How to use a stakeholder lens to channel ESG investing

Mackenzie's new Betterworld team uses the 4 A's of avoid, assess, analyze, and advocate

How to use a stakeholder lens to channel ESG investing

Mackenzie Investments’ new Betterworld team is looking at environmental, social, and governance (ESG) investing through a new stakeholder lens to capitalize on growing ESG interest – and also move the bar to make companies more sustainable.

“What attracted me to building the Betterworld Team with Mackenzie is the commitment that it’s making to sustainability. So, we’ve built a platform that offers investors a broad spectrum of sustainable alternatives,” Andrew Simpson, portfolio manager and head of Mackenzie Investments’ Better World investment team, said in a recent WP Talk podcast, noting that Mackenzie has a Sustainability Centre of Excellence that supports the team.

“The culture of sustainability is pretty well entrenched there. The organization is continuing along this process of integrating responsible practices across all of its mandates, whether they’re ESG focused, like ours, or traditional boutiques.”

The Betterworld team’s mission is to enable investors to meet their financial objectives while aligning their investment to a sustainable future. It does that by managing Canadian and global mandates prioritizing and investing in companies with progressive ESG practices and behaviours.

“The team is really guided by the belief that the way we treat the planet and the communities we operate in will determine their future profitability,” said Simpson. “So, for us to  uncover sustainability leaders in our investment process, we lead it with ESG and live analysis. It’s not a bolt-on step for us. It’s a fully integrated aspect of our security selection, and that’s a key differentiator for the team out there in the industry.”

Simpson said the Betterworld approach applies a stakeholder lens to differentiate companies who demonstrate progressive ESG practices and behaviours. It identifies six primary stakeholders with a vested interest in how the companies perform to assess the communities they operate in and the customers they serve. Those can include employees, suppliers, and even the environment, and not just the shareholders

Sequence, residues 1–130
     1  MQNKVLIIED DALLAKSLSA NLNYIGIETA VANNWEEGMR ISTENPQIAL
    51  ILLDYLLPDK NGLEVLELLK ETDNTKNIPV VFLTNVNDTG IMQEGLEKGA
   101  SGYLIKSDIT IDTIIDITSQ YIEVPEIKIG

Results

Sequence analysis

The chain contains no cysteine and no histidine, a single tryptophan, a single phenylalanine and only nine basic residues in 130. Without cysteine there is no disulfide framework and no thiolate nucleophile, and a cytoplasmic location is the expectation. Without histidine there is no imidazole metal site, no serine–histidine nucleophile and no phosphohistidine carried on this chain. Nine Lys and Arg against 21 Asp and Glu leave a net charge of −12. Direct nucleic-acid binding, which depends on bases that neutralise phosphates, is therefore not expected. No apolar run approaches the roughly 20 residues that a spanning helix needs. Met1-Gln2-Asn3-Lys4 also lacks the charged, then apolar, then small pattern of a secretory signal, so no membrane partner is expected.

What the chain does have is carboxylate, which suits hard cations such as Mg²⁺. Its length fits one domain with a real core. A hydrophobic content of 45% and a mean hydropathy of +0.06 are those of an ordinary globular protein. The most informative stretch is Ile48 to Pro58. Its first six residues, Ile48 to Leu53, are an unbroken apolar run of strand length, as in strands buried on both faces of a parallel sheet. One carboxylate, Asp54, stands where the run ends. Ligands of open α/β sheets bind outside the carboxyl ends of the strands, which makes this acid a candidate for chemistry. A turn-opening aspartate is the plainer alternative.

“If a company can successfully balance the interest of stakeholders, it can better capture opportunity to build competitive advantage and grow economic value,” he said.

Betterworld has a four-stage process to generate impact: avoid, assess, analyze, and advocate. It avoids controversial companies, and then assesses their ability to create positive impact through their products and services. It analyses their financial metric to validate core growth drivers and identify sustainability leaders, and then advocates through shareholder engagement by dialoguing with the management teams of the companies that it owns to manage ESG risks and deliver positive impact to their stakeholders.

“If you look at risk and opportunity, and you have that dialogue with companies, I think we have an opportunity to improve things overall,” he said. “What we want to do here is analyze ESG factors to reduce portfolio downside. If our research uncovers any red flags about a company, we can then meet as a team and collaborate to either avoid investing in that company or use it as an opportunity to engage with them to help them course-correct and to change this risk into an opportunity.

“You can’t just rely on a third party score; you have to do the research yourself.”

Simpson goes on to spell out the three key principles of the Betterworld’s engagement strategy as well as what can be done for greenwashing, and what’s next in the evolution of ESG investing.  You can listen to our full conversation with him on WP Talk podcast.